On a Saturday morning, when I was lazily getting up from bed, a friend of mine called me and asked if we could go for a trek. For someone who has been in Bangalore for close to eight months now and loves adventure, I hate to admit I’ve been on only one trek since getting here. Mostly, this was because we would eagerly plan for a trek including all the friends around and a couple of them would drop out citing some unavoidable excuses and since we don’t generally like leaving people out, we would decide to push it to the next weekend. But as you all know, the next weekend never transpires and so we never ended up going.
So this time since it was initiated by another guy who had three people really interested and ready to go, I jumped in. I quickly invited my roomies and extended roomies (you know, the ones who come over on weekends or pretty much hangout with you most of the time) and we gathered eleven people in no time. We booked a Tempo Traveller against my wishes, since the last time I went on the Tempo Traveller was when we went with a family of 12 on a trip to Tirupati before I knew how to drive. But being realistic, we knew it was a good option since we would all be tired after a good trek, and not depending on a driver who probably had a sore knee or a shoe bite was a start in going back home in one piece.
We chose the Makalidurga trek, and a one that starts at midnight at that since Bangalore and its surrounding areas are unbearably hot at the moment. We got there at 2:30 am and scouted the area. This seemed like a reasonably famous night trek destination from what we read online but what faced us at that time was an eerie railway station which had no sign of any human activity except a very long goods train which we had to crawl under on all fours to get to the adjacent track. Good for us, the goods train started to move 15 minutes after we had crawled under. I wouldn’t want my premature obituary to read “23 year old youth crushed under a goods train in a nondescript railway station while attempting to scale Makalidurga hill”
We walked along the track for close to two kilometers, and had a couple of trains pass us on either side. A genius on our team said that if we kept a coin on the track while a train passed over it, it would get magnetised but all we got in return was a thin sheet of metal, which was the remains of the dispensable one rupee coin that was kept on the track. In hindsight, having a guide or a friend who had scaled this hill prior to this trip accompanying us would have made sense, but what’s to stop a group of adventurous young people who wanted to have a bit of fun during the weekend. What followed was a winding but broad path which we had to take, having an incorrect Google Maps for company (which we realised later).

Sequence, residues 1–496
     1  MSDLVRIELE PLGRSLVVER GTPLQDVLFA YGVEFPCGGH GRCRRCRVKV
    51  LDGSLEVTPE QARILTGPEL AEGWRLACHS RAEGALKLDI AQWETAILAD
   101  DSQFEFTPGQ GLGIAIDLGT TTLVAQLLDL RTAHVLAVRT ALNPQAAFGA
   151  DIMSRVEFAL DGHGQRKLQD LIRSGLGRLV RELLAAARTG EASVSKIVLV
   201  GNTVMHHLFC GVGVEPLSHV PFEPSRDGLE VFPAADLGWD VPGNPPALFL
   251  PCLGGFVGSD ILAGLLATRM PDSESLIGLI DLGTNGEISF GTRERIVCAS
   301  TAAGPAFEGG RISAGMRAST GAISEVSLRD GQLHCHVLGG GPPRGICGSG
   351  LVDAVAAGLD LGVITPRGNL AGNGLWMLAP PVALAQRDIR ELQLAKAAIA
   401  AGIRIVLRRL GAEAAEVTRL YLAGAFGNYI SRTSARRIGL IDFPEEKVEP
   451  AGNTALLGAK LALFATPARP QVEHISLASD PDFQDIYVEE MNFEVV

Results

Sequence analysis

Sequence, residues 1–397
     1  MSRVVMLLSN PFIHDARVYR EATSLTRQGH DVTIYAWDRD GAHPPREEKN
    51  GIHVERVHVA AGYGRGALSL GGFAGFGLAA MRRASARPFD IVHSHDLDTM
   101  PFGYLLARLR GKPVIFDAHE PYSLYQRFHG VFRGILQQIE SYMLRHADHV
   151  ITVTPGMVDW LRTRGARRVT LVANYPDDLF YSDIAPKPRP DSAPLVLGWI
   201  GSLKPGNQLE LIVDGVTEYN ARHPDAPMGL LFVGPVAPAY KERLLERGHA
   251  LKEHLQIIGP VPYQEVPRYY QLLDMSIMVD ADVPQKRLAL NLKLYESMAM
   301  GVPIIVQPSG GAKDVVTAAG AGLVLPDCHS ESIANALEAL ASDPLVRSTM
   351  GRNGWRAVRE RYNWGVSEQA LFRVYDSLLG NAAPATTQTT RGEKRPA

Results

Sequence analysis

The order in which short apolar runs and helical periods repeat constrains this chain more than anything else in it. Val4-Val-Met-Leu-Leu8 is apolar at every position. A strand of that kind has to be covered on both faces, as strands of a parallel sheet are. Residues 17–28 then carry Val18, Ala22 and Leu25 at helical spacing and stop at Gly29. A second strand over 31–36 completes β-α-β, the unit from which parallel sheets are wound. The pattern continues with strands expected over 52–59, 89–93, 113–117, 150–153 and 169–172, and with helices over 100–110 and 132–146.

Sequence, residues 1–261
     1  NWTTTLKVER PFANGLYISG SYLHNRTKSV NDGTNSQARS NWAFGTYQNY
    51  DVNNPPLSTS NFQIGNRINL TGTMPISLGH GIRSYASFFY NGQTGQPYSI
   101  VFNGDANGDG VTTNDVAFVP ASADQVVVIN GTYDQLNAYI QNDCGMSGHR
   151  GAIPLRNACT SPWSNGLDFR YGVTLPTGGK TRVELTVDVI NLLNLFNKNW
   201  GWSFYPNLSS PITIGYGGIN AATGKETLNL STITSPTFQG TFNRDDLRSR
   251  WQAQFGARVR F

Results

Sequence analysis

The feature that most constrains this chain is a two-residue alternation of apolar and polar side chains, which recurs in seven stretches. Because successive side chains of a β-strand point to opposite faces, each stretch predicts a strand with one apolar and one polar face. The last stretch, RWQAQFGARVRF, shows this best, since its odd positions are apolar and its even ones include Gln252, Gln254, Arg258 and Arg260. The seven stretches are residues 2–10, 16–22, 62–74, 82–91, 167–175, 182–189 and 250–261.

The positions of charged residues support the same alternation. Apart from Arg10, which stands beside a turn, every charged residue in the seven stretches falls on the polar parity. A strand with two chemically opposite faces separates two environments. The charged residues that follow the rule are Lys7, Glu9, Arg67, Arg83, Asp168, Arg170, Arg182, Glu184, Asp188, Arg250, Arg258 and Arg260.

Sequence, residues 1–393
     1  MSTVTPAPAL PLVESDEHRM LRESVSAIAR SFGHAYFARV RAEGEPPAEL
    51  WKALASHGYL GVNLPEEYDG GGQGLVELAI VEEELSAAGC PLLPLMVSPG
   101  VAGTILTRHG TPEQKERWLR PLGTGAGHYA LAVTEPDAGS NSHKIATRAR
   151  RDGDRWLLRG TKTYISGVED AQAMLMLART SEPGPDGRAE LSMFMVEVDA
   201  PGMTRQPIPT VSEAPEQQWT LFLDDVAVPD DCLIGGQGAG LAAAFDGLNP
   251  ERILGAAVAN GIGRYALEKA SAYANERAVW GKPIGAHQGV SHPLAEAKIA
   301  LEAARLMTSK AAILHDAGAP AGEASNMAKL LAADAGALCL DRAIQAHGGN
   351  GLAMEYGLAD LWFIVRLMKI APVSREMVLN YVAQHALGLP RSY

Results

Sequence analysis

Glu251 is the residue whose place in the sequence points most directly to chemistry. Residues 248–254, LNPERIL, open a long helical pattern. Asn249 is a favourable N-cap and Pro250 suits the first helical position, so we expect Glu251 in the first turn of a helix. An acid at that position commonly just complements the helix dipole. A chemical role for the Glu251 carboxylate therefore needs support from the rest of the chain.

We started climbing the hill at one point after we felt we were walking along the broad path for way too long and it was resulting in a huge circle but as we went on and on, the small path that was there when we started the ascent vanished and we were left with negotiating huge boulders and bushes that had thorns with flashlights from phones whose batteries were rapidly draining. I could catch the mind voice of my fellow teammates, “Kill the guy who suggested a night trek to a hitherto never before been place without a guide”. As a result, a trek which was supposed to take 1.5 hours to reach the summit was taking four hours of groping around in the dark in wilderness and yet we were nowhere in sight of the peak.
In the end, we trusted our gut and strength left in our bodies and it took us five and a half hours, empty water bottles, sore feet, torn flesh as a result of thorns and sun beating down on our necks to get to the peak, which we managed to scale like mountaineers without any gadgets. We realised we had crossed three different peaks in the process, where each time one person would say “let’s call this as the peak, take pictures of the sunrise and start climbing down”. Yet we kept going, and at one point a lot of us felt we were going to be stuck in the mountains forever without help and not knowing whether to go upwards or downwards. I even told a guy to send our precise location to a friend who was in Bangalore and was aware of our activities, so that he could come with rangers and rescue us at an inevitable point.
The rush of happiness and relief that came to every one of us once getting to the top was unparalleled and it gave us a sense of accomplishment and most of us, at the end of the day thought taking the beaten path would have been a lot less fun and any trek that follows this one wouldn’t interest us at all, for some months at least. This was serious business and any one of us could have easily broken our necks, so I wouldn’t recommend this route (not like I’d be able to trace our path anyway) to anyone.